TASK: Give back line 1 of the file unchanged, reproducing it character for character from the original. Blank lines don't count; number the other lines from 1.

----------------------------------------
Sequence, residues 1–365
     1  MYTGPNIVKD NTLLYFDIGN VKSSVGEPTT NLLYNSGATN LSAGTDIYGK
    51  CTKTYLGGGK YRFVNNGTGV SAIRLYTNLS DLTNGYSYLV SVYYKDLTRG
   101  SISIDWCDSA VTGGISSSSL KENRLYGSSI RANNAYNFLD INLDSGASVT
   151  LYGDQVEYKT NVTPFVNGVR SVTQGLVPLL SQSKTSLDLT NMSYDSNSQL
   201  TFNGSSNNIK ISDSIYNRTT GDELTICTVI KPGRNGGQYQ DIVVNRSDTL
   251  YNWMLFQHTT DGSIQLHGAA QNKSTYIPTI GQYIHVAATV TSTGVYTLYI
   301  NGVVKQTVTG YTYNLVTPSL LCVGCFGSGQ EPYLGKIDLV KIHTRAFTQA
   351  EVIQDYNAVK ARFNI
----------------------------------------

Sequence, residues 1–365